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Boycotting Apple?

If you paid attention to the latest technology news this week, Apple has fallen under scrutiny for the working conditions of their Chinese factory workers. While Apple has been open about their own supplier responsibility policies, the fact remains that workers face shitty conditions, low pay, and 24/7 commitment to the plant. While these realities are sad, Brooke Crothers of CNET reminds everyone to be consistent when jumping on the boycott bandwagon:

But should you boycott Apple products, as many commenters have suggested and some publications are now calling on you to do? That question opens a pandora’s box that taken to its logical conclusion would mean eschewing pretty much all devices made in China–including the one on which you’re reading this post.

If you plan on boycotting Apple, will you also boycott Microsoft, IBM, or any of these companies? On principle, how could you choose only one? Practically speaking, how could you choose them all?

A big problem is that companies simply won’t manufacture products in the U.S. Why? Well, us of course. Americans demand products that are cheap, available in large quantities, and sold within driving distance. Americans are also unwilling to work for the pay/hours required to meet those demands. China offers an unbeatable cadre of scalable factories with cheap manufacturing costs. Crothers explains:

The point is, those U.S. plants, relatively speaking, are not worker intensive. And that’s what the U.S. has become pretty good at. Very high-end high-tech manufacturing that doesn’t require many workers.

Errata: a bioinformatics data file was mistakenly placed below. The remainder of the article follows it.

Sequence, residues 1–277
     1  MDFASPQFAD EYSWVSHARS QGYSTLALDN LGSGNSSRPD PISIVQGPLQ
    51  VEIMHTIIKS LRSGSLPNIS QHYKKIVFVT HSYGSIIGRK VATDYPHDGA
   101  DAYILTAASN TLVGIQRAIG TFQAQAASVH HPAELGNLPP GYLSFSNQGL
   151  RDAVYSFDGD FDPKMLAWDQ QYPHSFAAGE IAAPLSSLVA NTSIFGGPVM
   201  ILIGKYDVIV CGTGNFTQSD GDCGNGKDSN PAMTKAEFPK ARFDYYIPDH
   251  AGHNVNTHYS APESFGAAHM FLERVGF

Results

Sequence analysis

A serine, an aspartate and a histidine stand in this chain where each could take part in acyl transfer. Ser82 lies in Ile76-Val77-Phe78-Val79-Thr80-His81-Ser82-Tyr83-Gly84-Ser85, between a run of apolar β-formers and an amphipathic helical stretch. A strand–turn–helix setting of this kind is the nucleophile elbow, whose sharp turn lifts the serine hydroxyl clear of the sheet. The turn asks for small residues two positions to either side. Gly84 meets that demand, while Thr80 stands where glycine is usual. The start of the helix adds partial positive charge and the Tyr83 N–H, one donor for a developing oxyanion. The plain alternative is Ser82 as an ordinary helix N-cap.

Like it or not, high-tech worker-intensive manufacturing–what Foxconn does–is an unstoppable Chinese juggernaut. And peek inside a lot of those factories–like factories in Japan and the U.S. years back–and you’ll get sick watching the sausage get made.

So, the most realistic solution is for Apple to keep pressuring Foxconn to improve working conditions while also taking responsibility by toning down the impossible demands it makes on the Chinese supply chain.

As I previously asked:

The real question is, are U.S. consumers willing to trade their expectations of affordable pricing and immediate availability for improved working conditions?

So far, the answer is ‘no’. If your answer is ‘yes’, Crothers suggests that you don’t just stop with Apple.

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